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How to set up a VMware home lab on a budget

Set up a small, energy-efficient, at-home VMware virtualization lab for under $1,000 by evaluating your PC, software subscription and storage options.

Over the years, the home lab for IT professionals has evolved. What used to be a rack in the basement with equipment...

and cables has become a more software-defined setup. Although you still require hardware for a home lab, the hot, noisy, energy-inefficient racks of the past are disappearing, and you must evolve your home lab accordingly.

When selecting hardware for a VMware home lab, consider a balance of cost, performance and need. In the past, a virtualized home lab required a lot of space and power. You should still consider these factors; however, the compact packaging and horsepower of newer compute nodes, combined with economical modern storage frames, means you can build or update your home lab without as much concern for these factors.

The base hardware platform at home

You can use a variety of options for your base hardware platform; some of the most popular selections are mini PCs with a lot of horsepower. They've been used as media PCs or for other specialized uses in the past, but many of the latest releases run Intel Gen 10 CPUs from i3 to i7.

MSI recently released the MSI Cubi 5 models that range from i3s in the $500 range to i5s running closer to $700. These chips have high Ghz speeds and 4 cores per 8 threads. MSI also has i7 models that push 4.90 GHz but are priced closer to $900. These new PCs support 64 GB of RAM and the capacity for dual storage using 2.5 SSD and M.2 storage.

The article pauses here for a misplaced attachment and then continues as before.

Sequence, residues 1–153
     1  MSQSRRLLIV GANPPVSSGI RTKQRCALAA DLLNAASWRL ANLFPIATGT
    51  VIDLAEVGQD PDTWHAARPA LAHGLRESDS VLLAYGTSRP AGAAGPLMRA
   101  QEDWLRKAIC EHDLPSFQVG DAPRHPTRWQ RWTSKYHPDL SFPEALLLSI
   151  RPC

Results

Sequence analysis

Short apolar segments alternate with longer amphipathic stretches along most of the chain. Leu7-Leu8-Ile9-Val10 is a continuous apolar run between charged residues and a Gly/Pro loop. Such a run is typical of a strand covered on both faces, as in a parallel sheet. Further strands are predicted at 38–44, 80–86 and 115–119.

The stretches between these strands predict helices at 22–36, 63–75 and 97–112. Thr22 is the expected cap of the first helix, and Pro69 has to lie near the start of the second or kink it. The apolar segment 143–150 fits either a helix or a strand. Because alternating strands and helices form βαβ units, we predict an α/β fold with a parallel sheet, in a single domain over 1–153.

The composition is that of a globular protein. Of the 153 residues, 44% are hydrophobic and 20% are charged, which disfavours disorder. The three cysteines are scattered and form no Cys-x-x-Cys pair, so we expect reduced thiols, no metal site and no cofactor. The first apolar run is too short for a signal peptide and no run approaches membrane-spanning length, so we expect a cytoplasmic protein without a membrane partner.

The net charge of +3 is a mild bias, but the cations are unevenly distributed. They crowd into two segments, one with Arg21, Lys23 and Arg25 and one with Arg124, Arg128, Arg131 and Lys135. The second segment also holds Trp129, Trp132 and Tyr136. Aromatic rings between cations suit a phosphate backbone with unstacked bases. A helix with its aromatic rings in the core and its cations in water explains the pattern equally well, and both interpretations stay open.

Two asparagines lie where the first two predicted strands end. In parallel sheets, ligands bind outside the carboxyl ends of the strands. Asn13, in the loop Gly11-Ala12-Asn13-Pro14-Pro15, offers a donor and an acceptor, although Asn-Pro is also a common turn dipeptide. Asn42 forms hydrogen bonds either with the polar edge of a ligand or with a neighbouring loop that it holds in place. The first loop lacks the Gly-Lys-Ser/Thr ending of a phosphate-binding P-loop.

Although this cost and performance match might sound common compared to older PCs, keep in mind all these PCs have a footprint only slightly larger than a drink coaster. At less than 5 square inches wide and just over 2 inches tall, mini PCs can completely alter your home lab setup. The new virtualization hosts can sit on your desk -- and don't risk your electric bill eclipsing your mortgage payment.

Home virtualization with VMware Workstation

When you run a virtualized home lab, you can choose to install your hypervisor directly on your hardware or use a product like VMware Workstation and nest your hosts and VMs on that.

Nesting VMs provide the flexibility to shift workloads quickly. They also enable you to run a large collection of different environments from a single application window. You can create multiple VMware environments and fire them up and down with a few clicks. You can use ESXi and vCenter to do this, but that approach consumes additional resources and provides few benefits compared to using Workstation.

VMware Workstation runs about $200. However, you could also purchase a VMUG Advantage membership for the same $200 dollars, which includes VMware Workstation and pretty much every other major VMware product, such as NSX-T, ESXi, vCenter, Horizon, SRM and vSAN. Most of these products come as enterprise versions and are good for a year in home labs.

The only catch is you must subscribe to VMUG every year. Weigh the benefits of the annual fee against the value of the products the membership includes. Many of these products don't have public trials, and the ones that do only remain good for 60 days.

Benefits of nesting